Malaysia expecting water shortage in six states, including Johor: Minister

The Sembrong Dam in Johor Baru, Malaysia, that was found to be at 54.07 per cent.
The Sembrong Dam in Johor Baru, Malaysia, that was found to be at 54.07 per cent.PHOTO: THE STAR/ASIA NEWS NETWORK

PETALING JAYA (THE STAR/ASIA NEWS NETWORK) - Malaysians in six states must brace for water rationing due to the extreme hot weather, says Water, Land and Natural Resources Minister Xavier Jayakumar.

He said there are three dams which have a storage capacity of only around 50 per cent.

"The three dams are Muda Dam at 58.97 per cent, Machap Dam at 55.61 per cent and Sembrong Dam at 54.07 per cent. The dam at Bukit Kwong Dam in Kelantan is at the storage capacity of 37.28 per cent.

"The daily water needs of consumers, be it for residential use, industrial or agricultural have to be controlled. For the padi farmers, water has to be channelled using the rationing method or the rescheduling of padi replanting," said Dr Xavier in a press statement on Saturday (March 23).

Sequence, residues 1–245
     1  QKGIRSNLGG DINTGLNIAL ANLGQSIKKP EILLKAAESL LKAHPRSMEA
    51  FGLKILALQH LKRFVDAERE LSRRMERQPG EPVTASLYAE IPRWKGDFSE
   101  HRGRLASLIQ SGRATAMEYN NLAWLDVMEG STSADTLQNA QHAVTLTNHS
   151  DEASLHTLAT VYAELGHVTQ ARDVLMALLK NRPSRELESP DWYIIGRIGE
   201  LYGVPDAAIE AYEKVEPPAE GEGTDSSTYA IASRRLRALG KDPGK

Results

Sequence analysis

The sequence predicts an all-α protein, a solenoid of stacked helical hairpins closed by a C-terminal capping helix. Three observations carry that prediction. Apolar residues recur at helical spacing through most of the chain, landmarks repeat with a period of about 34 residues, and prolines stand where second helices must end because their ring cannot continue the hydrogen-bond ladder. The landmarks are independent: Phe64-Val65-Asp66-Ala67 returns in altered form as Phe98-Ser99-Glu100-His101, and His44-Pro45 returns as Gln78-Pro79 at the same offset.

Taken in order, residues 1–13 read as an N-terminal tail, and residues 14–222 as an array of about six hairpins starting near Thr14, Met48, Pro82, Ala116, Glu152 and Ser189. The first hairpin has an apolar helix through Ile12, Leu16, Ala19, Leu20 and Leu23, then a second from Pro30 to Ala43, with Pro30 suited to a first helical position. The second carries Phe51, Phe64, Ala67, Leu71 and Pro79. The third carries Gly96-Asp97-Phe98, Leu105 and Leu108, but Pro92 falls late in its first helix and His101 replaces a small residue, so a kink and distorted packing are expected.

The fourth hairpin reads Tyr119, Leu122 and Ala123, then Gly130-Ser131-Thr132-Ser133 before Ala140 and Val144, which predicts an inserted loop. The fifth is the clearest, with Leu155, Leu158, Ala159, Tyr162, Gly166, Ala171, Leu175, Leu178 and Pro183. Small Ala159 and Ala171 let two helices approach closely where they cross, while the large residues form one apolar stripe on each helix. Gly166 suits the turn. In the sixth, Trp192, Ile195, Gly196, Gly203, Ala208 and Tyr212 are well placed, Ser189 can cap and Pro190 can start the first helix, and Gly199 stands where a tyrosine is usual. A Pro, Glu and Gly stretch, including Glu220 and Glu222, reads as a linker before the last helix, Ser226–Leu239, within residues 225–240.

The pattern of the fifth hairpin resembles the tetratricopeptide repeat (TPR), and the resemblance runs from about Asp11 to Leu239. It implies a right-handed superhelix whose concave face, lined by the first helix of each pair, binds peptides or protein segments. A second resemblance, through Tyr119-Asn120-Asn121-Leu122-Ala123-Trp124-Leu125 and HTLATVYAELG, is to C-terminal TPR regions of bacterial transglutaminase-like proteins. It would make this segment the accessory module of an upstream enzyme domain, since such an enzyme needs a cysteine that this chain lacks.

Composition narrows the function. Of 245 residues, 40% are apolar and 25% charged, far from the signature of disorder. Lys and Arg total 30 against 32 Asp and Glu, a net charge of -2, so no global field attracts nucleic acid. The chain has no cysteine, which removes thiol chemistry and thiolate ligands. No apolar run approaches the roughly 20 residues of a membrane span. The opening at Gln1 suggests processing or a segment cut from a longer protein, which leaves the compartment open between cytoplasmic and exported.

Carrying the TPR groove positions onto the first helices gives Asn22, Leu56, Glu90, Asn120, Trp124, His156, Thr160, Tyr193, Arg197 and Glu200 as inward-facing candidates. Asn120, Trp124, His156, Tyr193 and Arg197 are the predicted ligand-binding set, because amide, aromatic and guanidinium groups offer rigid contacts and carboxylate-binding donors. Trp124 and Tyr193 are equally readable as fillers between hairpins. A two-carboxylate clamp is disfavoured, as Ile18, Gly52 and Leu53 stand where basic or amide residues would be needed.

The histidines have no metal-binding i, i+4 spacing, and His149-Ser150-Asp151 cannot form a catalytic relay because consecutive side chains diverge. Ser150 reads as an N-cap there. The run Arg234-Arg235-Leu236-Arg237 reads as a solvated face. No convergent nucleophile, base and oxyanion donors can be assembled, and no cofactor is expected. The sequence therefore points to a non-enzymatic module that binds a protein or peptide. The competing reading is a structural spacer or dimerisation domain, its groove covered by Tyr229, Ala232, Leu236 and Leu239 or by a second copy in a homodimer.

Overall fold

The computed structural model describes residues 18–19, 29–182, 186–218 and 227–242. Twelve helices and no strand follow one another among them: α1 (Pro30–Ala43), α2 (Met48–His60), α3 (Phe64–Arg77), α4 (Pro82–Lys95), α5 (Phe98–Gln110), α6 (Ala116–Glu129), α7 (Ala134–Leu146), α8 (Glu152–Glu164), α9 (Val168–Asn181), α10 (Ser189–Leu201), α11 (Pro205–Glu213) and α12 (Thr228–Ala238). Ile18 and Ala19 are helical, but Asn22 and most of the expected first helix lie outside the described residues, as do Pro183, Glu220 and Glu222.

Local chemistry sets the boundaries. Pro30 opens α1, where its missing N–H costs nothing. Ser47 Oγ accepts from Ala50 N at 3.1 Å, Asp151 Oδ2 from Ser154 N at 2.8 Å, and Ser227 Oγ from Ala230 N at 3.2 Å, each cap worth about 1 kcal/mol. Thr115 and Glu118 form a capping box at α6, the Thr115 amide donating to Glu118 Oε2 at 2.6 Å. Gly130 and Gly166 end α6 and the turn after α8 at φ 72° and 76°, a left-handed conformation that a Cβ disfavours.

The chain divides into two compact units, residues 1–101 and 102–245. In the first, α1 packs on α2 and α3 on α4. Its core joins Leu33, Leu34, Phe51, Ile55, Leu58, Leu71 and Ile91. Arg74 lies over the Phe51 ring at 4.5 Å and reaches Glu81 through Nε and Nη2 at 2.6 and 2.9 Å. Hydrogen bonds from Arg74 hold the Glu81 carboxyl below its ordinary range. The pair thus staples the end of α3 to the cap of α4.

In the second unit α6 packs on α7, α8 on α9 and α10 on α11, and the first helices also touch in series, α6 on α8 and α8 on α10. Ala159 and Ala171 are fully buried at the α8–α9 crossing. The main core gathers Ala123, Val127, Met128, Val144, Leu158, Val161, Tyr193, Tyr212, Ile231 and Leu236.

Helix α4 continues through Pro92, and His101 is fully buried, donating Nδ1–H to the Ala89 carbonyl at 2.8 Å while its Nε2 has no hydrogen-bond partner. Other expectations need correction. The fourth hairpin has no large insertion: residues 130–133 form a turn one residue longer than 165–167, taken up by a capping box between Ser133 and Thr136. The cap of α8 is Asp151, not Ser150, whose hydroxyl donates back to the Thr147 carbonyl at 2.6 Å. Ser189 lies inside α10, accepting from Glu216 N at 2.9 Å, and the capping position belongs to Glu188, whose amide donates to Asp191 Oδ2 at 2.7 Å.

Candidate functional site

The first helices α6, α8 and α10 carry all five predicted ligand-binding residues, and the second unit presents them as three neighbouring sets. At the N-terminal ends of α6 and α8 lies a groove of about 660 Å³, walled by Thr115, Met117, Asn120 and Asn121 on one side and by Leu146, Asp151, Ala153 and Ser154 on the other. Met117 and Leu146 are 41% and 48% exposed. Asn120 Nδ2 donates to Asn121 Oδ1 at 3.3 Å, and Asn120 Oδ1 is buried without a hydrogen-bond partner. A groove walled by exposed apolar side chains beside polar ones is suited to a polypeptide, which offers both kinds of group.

Dr Xavier said that other critical areas which have also only received less than 25 per cent of the average annual rainfall include Rembau and Tampin in Negri Sembilan and Rompin in Pahang.

Areas such as Padang Terap in Kedah, Cameron Highlands and Kuantan in Pahang and Dungun, Hulu Terengganu, Kemaman and Kuala Terengganu are under the "dangerous" category as these places too have not received enough rainfall.

Dr Xavier said it has been predicted that six states - Negri Sembilan, Johor, Perak, Kedah, Pahang and Kelantan - will face water shortages as the weather turns hot and dry due to lack of rainfall.

 
 
 

"There needs to be more water supply from Bersi Dam, Muda Dam, Pedu Dam, Ahning Dam and Jus Dam. This is due to active padi replanting in areas around these dams until April.

"The high demand for water for padi agricultural purposes at Sungai Muda is in March, while in Sungai Kedah, it is in April," said Dr Xavier.

He further said that the Department of Irrigation and Drainage (DID) has requested authorities in their respective states to control water release from the dams.